Court says Facebook is wiretapping

A federal court ruled that Facebook has been ‘wiretapping’ after a nine-year legal battle.  The class action lawsuit is filed under a provision of the federal Wiretap Act.

Have you ever wondered how Facebook manages to display advertising to you which just so happens to be something you were looking for?  Facebook actively gathers data about websites you have visited.  Many website owners will use Facebook ‘widgets’ on their web pages, either to show a ‘like’ button, ‘share’ button, or to a feed, or the use of the invisible ‘pixel’ which is used to gather analytical data; while useful to the website owner but it also gives Facebook access to a huge resource of data about what it’s users are doing on other websites.

Facebook will re-purpose (or ‘wiretaps’) this same information as to build a profile up about you: your interests, the products you buy, the music you listen to, etc.  Facebook is able to collect this data whether your logged in to Facebook or not through the use of cookies.

When an advertiser creates an advert, Facebook gives them a choice of user demographics to advertise to, eg. Advertise only to people who have visited holiday websites.

The court argues (Chief Judge Sidney Thomas, San Francisco – 9 Apr 20) that this is considered interception because data is collected without the user actually clicking on anything within the page.  US Federal wiretap law states that it’s illegal to intercept electronic communications without the consent of at least one party.

Is data gathering a crime?

Facebook isn’t the first to do this, Google has been gathering much more data using its widgets before Facebook existed, and is also accused of wiretapping.  Many website owners are using Google adverts (adsense), and the very popular Google’s analytics.  Google also gathers data from it’s public free DNS service and from a number of backbone internet cables that they own. Unlike Facebook, Google has been working closely with the US government since its conception, which begs the question what data doesn’t the US government have?  In fact most major online advertisers are also doing the same kind data gathering.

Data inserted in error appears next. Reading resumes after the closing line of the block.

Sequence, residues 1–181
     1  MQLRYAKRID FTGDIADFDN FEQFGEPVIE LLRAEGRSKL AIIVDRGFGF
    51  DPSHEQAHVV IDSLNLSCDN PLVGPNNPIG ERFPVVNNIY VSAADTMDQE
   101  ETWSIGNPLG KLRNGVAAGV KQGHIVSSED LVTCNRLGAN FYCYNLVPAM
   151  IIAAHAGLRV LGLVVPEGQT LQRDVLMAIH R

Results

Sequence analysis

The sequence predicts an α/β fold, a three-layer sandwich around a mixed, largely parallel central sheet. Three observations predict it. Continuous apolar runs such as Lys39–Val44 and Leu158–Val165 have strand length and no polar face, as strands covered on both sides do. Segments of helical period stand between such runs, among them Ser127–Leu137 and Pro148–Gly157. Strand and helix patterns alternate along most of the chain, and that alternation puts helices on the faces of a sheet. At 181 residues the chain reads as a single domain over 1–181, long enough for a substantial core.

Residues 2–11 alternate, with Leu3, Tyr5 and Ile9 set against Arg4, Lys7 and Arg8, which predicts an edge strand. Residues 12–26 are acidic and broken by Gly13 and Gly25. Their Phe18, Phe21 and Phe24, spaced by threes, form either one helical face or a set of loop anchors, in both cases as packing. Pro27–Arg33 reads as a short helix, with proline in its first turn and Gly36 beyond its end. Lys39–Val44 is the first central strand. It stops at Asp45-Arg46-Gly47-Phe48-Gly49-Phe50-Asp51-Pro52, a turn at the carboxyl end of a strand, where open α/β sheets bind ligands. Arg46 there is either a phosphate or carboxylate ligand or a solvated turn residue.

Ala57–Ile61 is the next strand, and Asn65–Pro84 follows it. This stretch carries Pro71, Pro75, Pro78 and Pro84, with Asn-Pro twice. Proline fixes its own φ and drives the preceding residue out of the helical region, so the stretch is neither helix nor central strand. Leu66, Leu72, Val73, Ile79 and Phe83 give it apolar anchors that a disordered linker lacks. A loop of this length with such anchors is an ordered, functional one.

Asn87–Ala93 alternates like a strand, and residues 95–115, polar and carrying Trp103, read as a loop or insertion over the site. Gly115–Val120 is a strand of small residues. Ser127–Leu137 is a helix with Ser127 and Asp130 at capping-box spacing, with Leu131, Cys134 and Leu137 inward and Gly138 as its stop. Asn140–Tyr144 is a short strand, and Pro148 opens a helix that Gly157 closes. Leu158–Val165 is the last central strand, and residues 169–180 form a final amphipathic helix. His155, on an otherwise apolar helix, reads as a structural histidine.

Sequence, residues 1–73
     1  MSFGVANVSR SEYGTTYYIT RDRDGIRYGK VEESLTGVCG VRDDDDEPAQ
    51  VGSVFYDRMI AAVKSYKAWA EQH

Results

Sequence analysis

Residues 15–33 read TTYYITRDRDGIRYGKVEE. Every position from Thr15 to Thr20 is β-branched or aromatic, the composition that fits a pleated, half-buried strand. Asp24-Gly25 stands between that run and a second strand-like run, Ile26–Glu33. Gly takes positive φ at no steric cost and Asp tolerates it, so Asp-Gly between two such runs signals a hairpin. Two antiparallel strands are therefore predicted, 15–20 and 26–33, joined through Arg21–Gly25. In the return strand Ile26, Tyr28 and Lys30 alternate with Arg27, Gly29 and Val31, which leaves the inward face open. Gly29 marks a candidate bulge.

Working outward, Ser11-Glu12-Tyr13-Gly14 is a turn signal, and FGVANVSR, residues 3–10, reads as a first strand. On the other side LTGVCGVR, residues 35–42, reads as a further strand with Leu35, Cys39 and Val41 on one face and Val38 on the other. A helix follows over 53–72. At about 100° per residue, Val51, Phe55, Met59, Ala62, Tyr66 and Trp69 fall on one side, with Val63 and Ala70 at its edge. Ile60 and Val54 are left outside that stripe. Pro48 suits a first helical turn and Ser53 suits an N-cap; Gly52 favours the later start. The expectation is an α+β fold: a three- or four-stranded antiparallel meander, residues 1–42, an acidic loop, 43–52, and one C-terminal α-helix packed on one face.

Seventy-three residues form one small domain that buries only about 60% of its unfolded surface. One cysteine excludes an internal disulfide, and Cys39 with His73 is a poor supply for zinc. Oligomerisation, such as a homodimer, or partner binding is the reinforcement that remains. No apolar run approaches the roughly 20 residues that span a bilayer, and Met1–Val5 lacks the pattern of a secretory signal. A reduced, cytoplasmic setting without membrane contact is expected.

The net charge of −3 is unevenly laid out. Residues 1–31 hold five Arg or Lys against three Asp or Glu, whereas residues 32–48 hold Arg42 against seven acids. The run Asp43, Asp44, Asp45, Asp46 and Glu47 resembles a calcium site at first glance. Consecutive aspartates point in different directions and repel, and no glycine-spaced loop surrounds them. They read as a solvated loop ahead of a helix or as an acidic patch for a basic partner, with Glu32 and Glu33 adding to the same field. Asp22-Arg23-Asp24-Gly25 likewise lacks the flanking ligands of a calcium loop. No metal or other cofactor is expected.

Personally, I can’t see how this kind of data gathering is going to stop, it’s a technical issue with cookies.  You can turn off the use of cookies in your browser, but blocking cookies would seriously hinder how the internet functions; cookies exists for the good features it offers, like the ability to login to our bank accounts for example.  Many users turn to VPNs, but VPNs don’t give you privacy either.  Many browsers offer an incognito mode which restricts some of the data gathered by limiting how cookies are used.  If you don’t want Facebook to know what your interests are, use incognito mode.

Corporations are not the only ones gathering data, most governments monitor users data by working with their local ISPs.  What happens with the data is probably the more important question; is using the data for general analytical use a privacy issue?

Case: 17-17486

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Some previous class action lawsuits against Facebook
FiledSettled*ComplaintNamed plaintiffs
ConnectU.com lawsuitSept 2004Feb 2008Broken an oral contractDivya Narendra, Cameron Winklevoss, and Tyler Winklevoss
houseSYSTEM2006May 2009Facebook stole web featuresAaron Greenspan
Lane v. Facebook, Inc.Oct 2009Mar 2010Facebook used private info without concentSean Lane
2009 class action lawsuitNov 2009violation of the Unfair competitionRebecca Swift
wood pelletJune 2010July 2010Broken 50% revenue agreementPaul Ceglia
Young v. Facebook, Inc.Oct 2010May 2011Breached laws on disabilityKaren Beth Young
Fraley v. Facebook, Inc.20112013Personal data used with ads
Nic CubrilovicSept 20112020Personal data harvesting from websitesPerrin Aikens Davis; Brian K. Lentz; Cynthia D. Quinn; Matthew J. Vickery
2015Jan 2020Storing face recognition data
JOHN CONDELLES IIIMay 2018App logged users phone text and calls
LLE One, LLCOct 2019Nov 2019Inflated avg viewed video timeJonathan Murdough

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